New York detective Ichabod Crane is sent to Sleepy Hollow to investigate a series of mysterious deaths in which the victims are found beheaded. But the locals believe the culprit to be none other than the ghost of the legendary Headless Horseman.
et us get this over with right away. I do not think Johnny Depp was the right person for playing Ichabod Crane. Maybe I am too influenced by seeing him in Pirates of The Caribbean but I just do not think he was the right person for this role. He really did not work for me. He is to whimsical and gesticulating to be taken seriously as a scientifically inclined crime investigator as far as I am concerned. Too bad since the story itself and the movie was quite promising. As is often the case with Tim Burton’s work the movie has quite dark tone which I quite like. The various scruffy and suspicious characters that Ichabod meets right away as he enters the village inn fits right into the eerie atmosphere. Unfortunately Ichabod’s inclination for science clashes with the rest of the story which is undoubtedly supernatural. It makes the movie not really have a distinct direction but instead waddle with one foot in each camp. I would have preferred if the movie either had gone all science and in the end Ichabod had exposed an evil but perfectly human adversary by scientific means or if it had gone all supernatural and Ichabod was an adept at exposing (exorcising) supernatural beings rather than a scientist. Having said that, the movie was still a decent enough evening flick and fairly enjoyable. The footage and scenery are well done as one would expect from Tim Burton. It is not exactly a special effects loaded movie but what is there is fairly okay, at least for a movie from 1999.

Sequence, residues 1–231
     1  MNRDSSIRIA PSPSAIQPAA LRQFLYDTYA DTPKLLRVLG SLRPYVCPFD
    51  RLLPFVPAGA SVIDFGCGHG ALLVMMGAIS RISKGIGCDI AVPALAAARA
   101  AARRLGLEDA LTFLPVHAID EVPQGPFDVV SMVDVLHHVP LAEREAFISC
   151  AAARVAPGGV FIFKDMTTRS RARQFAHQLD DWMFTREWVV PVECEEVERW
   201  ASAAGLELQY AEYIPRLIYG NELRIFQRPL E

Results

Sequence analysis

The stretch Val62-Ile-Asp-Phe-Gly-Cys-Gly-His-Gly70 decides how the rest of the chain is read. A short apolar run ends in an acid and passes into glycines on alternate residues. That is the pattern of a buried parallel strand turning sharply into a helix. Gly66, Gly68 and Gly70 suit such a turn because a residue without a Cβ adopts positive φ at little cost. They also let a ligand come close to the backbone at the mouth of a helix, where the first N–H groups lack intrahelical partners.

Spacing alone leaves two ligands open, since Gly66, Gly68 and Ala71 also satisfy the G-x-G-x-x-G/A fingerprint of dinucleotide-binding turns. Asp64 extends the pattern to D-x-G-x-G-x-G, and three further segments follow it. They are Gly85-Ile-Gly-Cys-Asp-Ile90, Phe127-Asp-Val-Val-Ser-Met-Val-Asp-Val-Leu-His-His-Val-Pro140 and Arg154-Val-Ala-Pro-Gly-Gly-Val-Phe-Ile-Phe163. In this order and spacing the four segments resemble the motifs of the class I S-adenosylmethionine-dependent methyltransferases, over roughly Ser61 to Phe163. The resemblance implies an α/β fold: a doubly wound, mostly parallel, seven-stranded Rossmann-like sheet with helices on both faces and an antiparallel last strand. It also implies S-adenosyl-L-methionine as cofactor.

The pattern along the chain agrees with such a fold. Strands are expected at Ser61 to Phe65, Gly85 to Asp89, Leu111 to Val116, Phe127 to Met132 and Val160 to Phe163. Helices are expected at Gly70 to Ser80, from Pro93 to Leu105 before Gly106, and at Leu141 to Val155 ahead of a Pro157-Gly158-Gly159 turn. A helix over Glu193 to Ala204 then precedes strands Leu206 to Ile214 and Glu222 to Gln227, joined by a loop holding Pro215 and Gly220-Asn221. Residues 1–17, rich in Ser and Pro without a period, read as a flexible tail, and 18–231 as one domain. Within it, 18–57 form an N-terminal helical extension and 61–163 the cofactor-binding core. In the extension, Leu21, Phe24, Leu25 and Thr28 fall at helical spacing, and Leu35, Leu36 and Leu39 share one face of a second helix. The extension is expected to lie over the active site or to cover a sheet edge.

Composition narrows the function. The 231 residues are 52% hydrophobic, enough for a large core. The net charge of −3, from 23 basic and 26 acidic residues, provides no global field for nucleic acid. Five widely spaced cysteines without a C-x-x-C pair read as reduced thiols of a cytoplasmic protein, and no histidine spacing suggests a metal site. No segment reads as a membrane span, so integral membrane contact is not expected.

It is you, Ichabod Crane, who is now put to the test. Sleepy Hollow is directed by Tim Burton and co-adapted to screenplay by Andrew Kevin Walker and Kevin Yagher from the The Legend of Sleepy Hollow written by Washington Irving. It stars Johnny Depp, Christina Ricci, Miranda Richardson, Marc Pickering, Michael Gambon, Jeffrey Jones and Casper Van Dien. Music is scored by Danny Elfman and cinematography by Emmanuel Lubezki. 1799 New York, and Ichabod Crane, a timid but forward thinking detective, is sent to the way out village of Sleepy Hollow to investigate a number of decapitations. A perfect match of director and actor to the source material, Sleepy Hollow unfolds as a fun filled creeper of such visual and aural pleasures, it's a wonder nobody thought to put the combination together earlier than 1999. Story is familiar, though with a few changes, and although some of the comedy ends up a bit sillier than is tonally appropriate (really, Ichabod, stop pushing the effeminate angle to breaking point), film runs along at a fair old clip and never wants for period devilment. It's never really scary when Walken's headless horseman isn't part of the scene, but it's very unlikely that Burton or Depp were aiming to soil underwear anyway. More a case of charming you whilst caressing the tingler on your spine. A case of style of substance? Yes, to a degree, but the source story still comes through the lavish eye candy painting to reveal itself proudly. Burton had created a world of Gothic mysticism, a blend of Hammer horror values and Brothers Grimm bad dreams, a land of swirling mists and tall shadows, where black, red and purple are essential colours. From the quaint duck pond in the centre of the village, to a creaky old windmill, there are visual treats galore here - which are enhanced magnificently by Elfman's foreboding rumbles. Costuming is first rate (Colleen Atwood), as is Lubezki's colour lensing and Rick Heinrich's production design. The cast are led superbly by Depp and appear to be pitching performances at just the right tone, such is the director's want. Although Ricci is sadly underused in a key role, and we could have done with more Richardson since she is wonderfully catty and yummy in equal measure. But with bona fide thespian quality in the support ranks (joining Gambon and Jones are Michael Gough, Ian McDiarmid and Richard Griffiths), picture never falls short of scene enhancers. Period peril with a glint in its eye, Sleepy Hollow is a delightful nights entertainment by the fire. 8/10